The Definitive Guide To Dress Codes
This article was first published on Stylizen in December 2014.
Ah, the end of the year – it’s the time where the atmosphere is festive, the party invites start to pour in and evenings are spent sipping champagne and cocktails in fabulous clothes. But what kind of clothes exactly?
While the idea of a party is exciting, decoding the listed dress code can be enough to tempt you to decline. Is a short dress acceptable for a black tie event? What exactly is the elusive “Smart Casual”? And do men always need to wear a jacket? To prevent any further fashion faux pas, we’ve put together the definitive guide to dress codes so you can breathe easy this party season. Add it to your favourites, email it to a friend and stick it on your fridge – you’ll want to keep this permanently on hand!
1. Black Tie
While White Tie is the most formal of dress codes, it’s now usually limited to royal and government balls, which leaves Black Tie as the most formal dress code you’re likely to come across. In Australia, it’s often misinterpreted as cocktail wear, so to be on the safe side it’s best to stick to traditional interpretations – after all, it’s a rare occasion that allows us to get so dressed up.
For men, nothing less than a tuxedo will do, worn with a white dinner shirt and black bow tie (bonus points if you tie it yourself!). Accessories like cuff links are essential for extra finesse and are the one item you can play around with. For women, black tie calls for a floor length gown in fabrics that feel luxurious on the skin, accessorised with fine jewellery, a small clutch and heels. The whole point is to feel dressed up and glamorous. In the context of a wedding, take “formal” to mean the same as Black Tie.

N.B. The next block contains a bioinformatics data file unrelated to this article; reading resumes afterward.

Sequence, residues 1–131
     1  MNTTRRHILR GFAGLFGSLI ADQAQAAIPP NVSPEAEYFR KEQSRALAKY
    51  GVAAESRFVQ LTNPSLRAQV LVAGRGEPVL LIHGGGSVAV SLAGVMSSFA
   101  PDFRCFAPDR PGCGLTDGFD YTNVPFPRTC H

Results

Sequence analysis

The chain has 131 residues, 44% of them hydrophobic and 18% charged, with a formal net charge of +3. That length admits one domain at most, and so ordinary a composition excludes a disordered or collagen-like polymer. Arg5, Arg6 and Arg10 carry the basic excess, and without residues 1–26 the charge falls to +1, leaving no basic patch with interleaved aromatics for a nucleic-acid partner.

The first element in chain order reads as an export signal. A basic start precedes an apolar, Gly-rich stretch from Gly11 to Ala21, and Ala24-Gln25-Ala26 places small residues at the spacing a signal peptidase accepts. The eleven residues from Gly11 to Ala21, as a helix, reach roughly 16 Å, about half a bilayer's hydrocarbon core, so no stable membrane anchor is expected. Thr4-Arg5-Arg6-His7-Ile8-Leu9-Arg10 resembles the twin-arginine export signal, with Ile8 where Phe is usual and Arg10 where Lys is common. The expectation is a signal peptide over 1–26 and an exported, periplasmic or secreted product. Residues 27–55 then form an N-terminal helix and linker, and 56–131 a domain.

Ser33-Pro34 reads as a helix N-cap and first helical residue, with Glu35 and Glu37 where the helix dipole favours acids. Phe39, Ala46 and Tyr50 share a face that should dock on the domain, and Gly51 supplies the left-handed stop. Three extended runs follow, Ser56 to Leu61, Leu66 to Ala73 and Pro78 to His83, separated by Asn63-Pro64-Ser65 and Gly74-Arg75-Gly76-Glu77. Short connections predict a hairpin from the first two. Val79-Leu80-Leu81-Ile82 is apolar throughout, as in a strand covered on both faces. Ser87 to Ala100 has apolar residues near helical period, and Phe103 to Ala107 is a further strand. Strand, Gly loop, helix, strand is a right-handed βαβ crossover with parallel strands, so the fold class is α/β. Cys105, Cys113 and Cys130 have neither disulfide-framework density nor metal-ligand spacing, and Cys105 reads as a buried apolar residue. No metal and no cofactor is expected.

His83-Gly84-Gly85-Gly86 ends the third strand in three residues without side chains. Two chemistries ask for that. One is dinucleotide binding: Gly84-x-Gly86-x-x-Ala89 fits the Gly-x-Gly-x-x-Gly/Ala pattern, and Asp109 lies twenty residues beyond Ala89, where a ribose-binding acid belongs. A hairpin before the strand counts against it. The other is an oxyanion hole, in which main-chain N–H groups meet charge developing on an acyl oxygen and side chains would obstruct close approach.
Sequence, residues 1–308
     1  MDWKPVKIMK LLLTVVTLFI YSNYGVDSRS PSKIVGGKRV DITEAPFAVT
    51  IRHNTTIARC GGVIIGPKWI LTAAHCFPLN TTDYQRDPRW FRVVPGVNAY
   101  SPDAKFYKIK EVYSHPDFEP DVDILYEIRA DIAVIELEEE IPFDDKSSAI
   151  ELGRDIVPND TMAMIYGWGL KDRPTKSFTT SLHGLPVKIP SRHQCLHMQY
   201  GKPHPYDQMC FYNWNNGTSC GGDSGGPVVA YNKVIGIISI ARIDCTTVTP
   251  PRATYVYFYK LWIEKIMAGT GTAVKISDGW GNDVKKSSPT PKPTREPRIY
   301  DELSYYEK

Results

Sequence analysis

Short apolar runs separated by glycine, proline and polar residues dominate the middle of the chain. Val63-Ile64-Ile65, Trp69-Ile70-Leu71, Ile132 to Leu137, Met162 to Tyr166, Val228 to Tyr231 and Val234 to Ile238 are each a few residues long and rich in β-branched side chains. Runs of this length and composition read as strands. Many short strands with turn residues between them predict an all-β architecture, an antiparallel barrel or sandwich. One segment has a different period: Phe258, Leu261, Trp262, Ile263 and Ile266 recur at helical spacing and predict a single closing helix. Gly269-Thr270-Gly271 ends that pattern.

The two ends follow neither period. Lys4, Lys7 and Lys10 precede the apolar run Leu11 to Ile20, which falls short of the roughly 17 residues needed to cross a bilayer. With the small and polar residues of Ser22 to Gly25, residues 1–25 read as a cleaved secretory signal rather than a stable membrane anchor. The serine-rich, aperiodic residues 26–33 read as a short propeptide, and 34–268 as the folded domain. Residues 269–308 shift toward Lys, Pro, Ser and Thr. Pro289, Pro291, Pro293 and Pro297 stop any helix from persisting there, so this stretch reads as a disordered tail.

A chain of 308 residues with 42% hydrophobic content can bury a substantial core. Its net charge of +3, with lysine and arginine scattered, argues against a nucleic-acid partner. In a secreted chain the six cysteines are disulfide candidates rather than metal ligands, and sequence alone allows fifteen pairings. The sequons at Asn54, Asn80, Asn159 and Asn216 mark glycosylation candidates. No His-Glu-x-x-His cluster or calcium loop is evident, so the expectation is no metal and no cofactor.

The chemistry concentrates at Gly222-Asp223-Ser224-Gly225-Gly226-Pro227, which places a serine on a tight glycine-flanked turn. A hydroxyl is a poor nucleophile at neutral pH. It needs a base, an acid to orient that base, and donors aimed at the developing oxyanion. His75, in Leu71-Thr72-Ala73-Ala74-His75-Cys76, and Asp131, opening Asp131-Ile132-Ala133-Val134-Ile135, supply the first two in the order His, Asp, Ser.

Cocktail is probably the most popular dress code you’ll come across this season, and while a step down from Black Tie, it is still considered to be rather formal. For men, a black suit is an absolute must, with a three piece suit a fun and appropriate way to go for something different. A classic white shirt is required, but a normal neck tie will suffice. A skinny tie with a slim fit suit is a current way to look stylish and sharp.
For women, this is the perfect time to bring out a killer cocktail dress, whether it’s a classic LBD or something more influenced by current trends. Knee length is advisable although it can be strapless, while typical colours include black, white, jewel tones or metallics. Interesting details such as lace or beading lift up a dress or bring your bling with bold jewellery and an evening clutch. For a va va voom cocktail look, channel Yves Saint Laurent’s Le Smoking by wearing a fitted Tuxedo paired with a silk blouse, or dare to bare by wearing nothing under the jacket. An evening jumpsuit in a luxurious silk is also a great option.
3. Smart Casual
Ah, the ambiguous Smart Casual dress code. While the meaning can be vague and differ from person to person, the general rule of Smart Casual means a more relaxed, but still smart dress code where a tie is not required. However most occasions will still require either a suit or jacket and trouser combination – and absolutely no jeans. A safe yet stylish option in the warmer months is a blazer, chinos (beige or blue) and a collared shirt in a complementary pale colour. A patterned shirt such as checks or stripes is also acceptable.
It’s a little harder to pin down exactly what smart casual means for women, but it is a great opportunity to wear separates. A silky blouse and pencil skirt, or a great pair of tailored trousers is a winning combination, as is a jumpsuit. Heels and a small chain shoulder handbag finish off the look.